Marc Alain Bohn, Miller & ChevalierOrthofix International in January entered into its second Foreign Corrupt Practices Act (FCPA) settlement in less than 5 years, resolving allegations with the U.S. Securities and Exchange Commission that the company’s Brazilian subsidiary made improper payments to doctors at government-owned hospitals in Brazil to increase sales.
Orthofix consented to the entry of two SEC orders instituting cease-and-desist proceedings against the company: a $6.1 million order centered on alleged violations of the FCPA and an $8.25 million order focused on non-bribery-related securities violations.
The FCPA prohibits corruptly providing anything of value to a “foreign official,” including doctors at state-owned hospitals, for the purpose of obtaining or retaining business. It also requires U.S. securities issuers to maintain accurate books and records and implement sufficient internal accounting controls.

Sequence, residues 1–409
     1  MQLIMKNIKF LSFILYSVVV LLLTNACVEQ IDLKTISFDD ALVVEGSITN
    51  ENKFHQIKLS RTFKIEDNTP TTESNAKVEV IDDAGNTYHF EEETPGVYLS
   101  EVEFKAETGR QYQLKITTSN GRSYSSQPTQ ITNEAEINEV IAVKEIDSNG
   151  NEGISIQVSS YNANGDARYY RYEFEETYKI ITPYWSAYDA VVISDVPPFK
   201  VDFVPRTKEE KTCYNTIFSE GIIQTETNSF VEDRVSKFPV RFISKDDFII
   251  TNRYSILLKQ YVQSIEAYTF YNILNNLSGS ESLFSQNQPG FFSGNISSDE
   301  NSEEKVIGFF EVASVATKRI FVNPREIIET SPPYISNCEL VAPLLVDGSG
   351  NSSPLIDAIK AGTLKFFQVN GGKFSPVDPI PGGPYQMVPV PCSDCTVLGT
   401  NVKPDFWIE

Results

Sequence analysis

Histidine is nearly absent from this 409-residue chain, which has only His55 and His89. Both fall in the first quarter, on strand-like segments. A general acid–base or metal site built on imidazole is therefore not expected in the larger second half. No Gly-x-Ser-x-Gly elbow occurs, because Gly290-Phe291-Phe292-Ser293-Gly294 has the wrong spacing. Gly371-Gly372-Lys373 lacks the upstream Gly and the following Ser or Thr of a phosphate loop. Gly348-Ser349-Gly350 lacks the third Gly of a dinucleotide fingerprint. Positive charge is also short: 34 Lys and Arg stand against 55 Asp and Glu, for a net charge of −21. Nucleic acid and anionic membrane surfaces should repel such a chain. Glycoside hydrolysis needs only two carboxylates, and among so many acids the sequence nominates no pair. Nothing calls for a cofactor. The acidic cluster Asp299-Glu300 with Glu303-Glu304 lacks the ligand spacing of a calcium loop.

Orthofix (Lewisville, Texas) self-disclosed the FCPA issues at its Brazilian subsidiary per the terms of its 2012 deferred prosecution agreement (DPA) with the Department of Justice (DOJ). DOJ and the SEC followed up with new investigations, and DOJ twice extended the DPA term while the investigation was pending. The DOJ ultimately decided to take no further action and allowed the DPA to expire in August 2016. The SEC came to a different conclusion.
The Orthofix case serves as a cautionary tale for companies trying to stay out of trouble and offers clear lessons. For example, there’s the need to standardize or centralize approval of third party commissions and discounts. According to the SEC, Orthofix’s decentralized structure allowed its Brazilian subsidiary to (a) easily evade existing policies and controls to pay high commissions and discounts that funded improper payments; and (b) record these expenses as legitimate.